Many members of dominant social groups may view discrimination as something unrelated to their lives, but for members of marginalized groups it is the undeniable reality of daily life. Human rights education calls attention to such unconscious predispositions, which fuel discrimination; in this way, it offers people the opportunity to reflect on their everyday behavior. In our work to promote human rights education, the SGI has placed emphasis on the kind of empowerment and awareness raising that can restore dignity to all people and build a pluralist and inclusive society.
The SGI supported the United Nations Decade for Human Rights Education (1995–2004). We called for the adoption of a follow-up international framework and have engaged in activities in support of the World Programme for Human Rights Education that began in 2005. Partnering with other civil society organizations, we supported the adoption of the United Nations Declaration on Human Rights Education and Training in 2011 and have subsequently worked to develop a civil society network for human rights education. The SGI also organized showings of a film it coproduced, A Path to Dignity: The Power of Human Rights Education, and is currently promoting international showings of its newest exhibition “Transforming Lives: The Power of Human Rights Education,” which debuted at the UN European Headquarters in Geneva in March 2017.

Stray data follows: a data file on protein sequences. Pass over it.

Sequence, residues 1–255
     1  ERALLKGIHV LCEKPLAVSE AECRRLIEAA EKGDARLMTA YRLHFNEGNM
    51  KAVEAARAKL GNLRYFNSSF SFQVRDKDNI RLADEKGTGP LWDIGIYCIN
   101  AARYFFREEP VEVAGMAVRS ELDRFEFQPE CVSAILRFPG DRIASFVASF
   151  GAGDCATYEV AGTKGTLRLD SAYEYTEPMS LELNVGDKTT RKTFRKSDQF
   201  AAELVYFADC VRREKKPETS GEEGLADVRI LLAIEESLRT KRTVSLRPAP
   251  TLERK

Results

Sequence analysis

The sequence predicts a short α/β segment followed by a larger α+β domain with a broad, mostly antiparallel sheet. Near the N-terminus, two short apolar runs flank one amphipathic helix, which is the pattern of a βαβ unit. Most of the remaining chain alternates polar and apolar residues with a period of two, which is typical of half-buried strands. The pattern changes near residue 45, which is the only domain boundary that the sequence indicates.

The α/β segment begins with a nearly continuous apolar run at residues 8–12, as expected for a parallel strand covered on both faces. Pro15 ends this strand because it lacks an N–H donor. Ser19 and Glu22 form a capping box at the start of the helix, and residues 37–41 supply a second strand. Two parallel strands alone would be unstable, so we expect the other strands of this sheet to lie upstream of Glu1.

A case study portrayed in both the film and exhibition details how a human rights training program conducted with the Victoria Police in Australia helped to dissipate societal tensions. After an investigation brought to light abusive behavior by the Victoria Police toward members of the LGBT community, the police department adopted a human rights training program that further resulted in improved treatment for members of migrant communities.